In a class-action lawsuit filed on Sept. 25, the American Civil Liberties Union (ACLU) of Southern California, the ACLU Immigrants’ Rights Project and the Stanford Law School Immigrants’ Rights Clinic charged that ICE routinely holds immigrants longer than six months in defiance of the Supreme Court’s June 2001 ruling in Zadvydas v. Davis. “These people have been kept away from their families, their communities and their lives for years–without even a hearing to determine if their prolonged detention is justified,” said ACLU staff attorney Ahilan Arulanantham.
Two of the six plaintiffs named in the suit were released after the suit was filed. On Oct. 6, the ACLU asked US District Judge Terry Hatter to order the immediate release under supervision of the remaining four named plaintiffs, or grant them bond hearings. Arulanantham says immigration officials purposely avoid defending their policy in court, releasing only detainees whose attorneys file challenges. In order to force the issue to a hearing and prevent ICE from simply releasing the named petitioners and moving to dismiss the case as moot, the ACLU included as additional plaintiffs any unknown detainees in the same circumstances.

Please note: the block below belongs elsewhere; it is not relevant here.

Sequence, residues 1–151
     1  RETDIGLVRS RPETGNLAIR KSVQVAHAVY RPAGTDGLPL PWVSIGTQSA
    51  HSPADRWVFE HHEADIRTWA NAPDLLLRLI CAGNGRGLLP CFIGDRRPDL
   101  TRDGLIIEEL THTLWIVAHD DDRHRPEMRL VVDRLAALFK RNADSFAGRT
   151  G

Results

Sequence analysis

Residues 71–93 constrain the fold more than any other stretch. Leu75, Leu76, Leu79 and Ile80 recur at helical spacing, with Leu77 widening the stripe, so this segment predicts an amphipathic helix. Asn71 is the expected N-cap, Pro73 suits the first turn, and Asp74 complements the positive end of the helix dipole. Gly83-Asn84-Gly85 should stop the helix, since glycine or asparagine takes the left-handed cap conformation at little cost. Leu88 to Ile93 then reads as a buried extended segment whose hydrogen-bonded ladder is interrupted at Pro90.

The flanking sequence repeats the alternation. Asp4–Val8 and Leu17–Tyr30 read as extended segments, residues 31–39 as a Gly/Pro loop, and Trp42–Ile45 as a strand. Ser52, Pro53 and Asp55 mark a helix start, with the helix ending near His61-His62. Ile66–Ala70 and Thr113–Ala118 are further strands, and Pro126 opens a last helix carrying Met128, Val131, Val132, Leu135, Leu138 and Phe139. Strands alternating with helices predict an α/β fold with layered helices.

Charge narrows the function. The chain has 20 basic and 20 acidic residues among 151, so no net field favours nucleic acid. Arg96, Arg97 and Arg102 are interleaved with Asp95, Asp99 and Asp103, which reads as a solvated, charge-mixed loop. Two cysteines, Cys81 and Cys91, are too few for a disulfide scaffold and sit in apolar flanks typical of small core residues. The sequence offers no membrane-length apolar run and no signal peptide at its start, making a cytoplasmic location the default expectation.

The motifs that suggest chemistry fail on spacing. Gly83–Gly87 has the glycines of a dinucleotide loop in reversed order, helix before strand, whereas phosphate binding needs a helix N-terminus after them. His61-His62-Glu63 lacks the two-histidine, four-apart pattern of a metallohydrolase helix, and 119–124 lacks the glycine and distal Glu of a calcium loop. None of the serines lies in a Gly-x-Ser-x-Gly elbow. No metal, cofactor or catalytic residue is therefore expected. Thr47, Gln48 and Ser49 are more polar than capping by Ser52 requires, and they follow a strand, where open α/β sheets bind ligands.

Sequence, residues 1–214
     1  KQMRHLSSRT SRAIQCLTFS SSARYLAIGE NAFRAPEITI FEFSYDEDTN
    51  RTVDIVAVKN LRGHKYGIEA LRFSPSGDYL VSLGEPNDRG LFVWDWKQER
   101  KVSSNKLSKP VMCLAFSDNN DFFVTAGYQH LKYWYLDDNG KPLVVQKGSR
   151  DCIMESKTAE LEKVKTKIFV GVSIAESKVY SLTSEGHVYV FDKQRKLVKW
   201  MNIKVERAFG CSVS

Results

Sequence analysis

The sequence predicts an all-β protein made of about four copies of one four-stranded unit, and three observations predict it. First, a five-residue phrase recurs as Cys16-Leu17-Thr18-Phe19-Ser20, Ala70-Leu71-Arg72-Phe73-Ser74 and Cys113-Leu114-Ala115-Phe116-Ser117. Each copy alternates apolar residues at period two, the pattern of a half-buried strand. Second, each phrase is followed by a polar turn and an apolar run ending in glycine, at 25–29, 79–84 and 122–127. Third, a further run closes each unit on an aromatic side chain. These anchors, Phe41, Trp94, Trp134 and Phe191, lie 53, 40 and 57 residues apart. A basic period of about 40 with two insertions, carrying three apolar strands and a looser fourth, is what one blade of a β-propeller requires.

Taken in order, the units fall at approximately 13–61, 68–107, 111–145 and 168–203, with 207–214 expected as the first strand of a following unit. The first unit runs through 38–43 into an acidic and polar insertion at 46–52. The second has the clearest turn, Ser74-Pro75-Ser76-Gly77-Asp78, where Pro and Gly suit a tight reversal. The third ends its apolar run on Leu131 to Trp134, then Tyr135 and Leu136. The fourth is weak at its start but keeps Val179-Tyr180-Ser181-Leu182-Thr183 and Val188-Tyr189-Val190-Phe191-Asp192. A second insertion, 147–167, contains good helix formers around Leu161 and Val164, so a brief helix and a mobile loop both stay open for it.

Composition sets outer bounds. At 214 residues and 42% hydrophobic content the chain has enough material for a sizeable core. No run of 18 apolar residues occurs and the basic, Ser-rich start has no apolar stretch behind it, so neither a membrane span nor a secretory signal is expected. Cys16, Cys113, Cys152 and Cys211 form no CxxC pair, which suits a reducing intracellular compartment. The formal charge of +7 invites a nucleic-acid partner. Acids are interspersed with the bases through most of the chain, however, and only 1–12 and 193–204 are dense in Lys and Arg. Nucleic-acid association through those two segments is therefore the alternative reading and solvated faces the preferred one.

ICE spokesperson Virginia Kice said the Zadvydas ruling does not apply to immigrants who are fighting deportation. The agency is required to detain immigrants convicted of certain felonies or considered to be flight risks or threats to public safety or national security, Kice said.
Arulanantham said Justice Stephen Breyer’s majority opinion in the Zadvydas case applies to a much broader group of immigrants. Arulanantham said that in any case two of his clients, Ebrahim Mussa and John Rasheed, were no longer fighting deportation; judges barred their removal because they might be tortured in their homelands, but the government is prolonging the legal battle with appeals. As for the mandatory detention of convicted immigrants, Arulanantham said Mussa and Rudolph Stepanian were convicted of crimes but have been released; only one of the four remaining plaintiffs has any prior convictions.
Niels Frenzen, director of the University of Southern California (USC) Law Immigration Clinic, said he believed the Supreme Court “was probably looking at people whose appeals were completed” in its Zadvydas ruling. But if the immigration agency “is cutting people loose just because the case is filed,” perhaps government lawyers have concluded the ruling does apply to these immigrants, he added. (Los Angeles Times, Oct. 10; Washington Post, Oct. 10 from AP; ACLU Southern California News Release, Oct. 9)
Raid at Yuma construction site
On Oct. 10, about 50 agents from ICE and the Border Patrol, with backup from local police and a helicopter, raided the construction site for a new high school in Yuma, Arizona. The agents detained seven workers for questioning and served search warrants on the offices of a site contractor. All those detained were employed by contractors working on the $50 million Gila Ridge High School. Five of the seven workers gave up their right to appear before a judge and agreed to be repatriated, said ICE spokesperson Russell Ahr. The other two will face deportation hearings. Their nationalities were not given. [AP 10/12/06]
From Immigration News Briefs, Oct. 21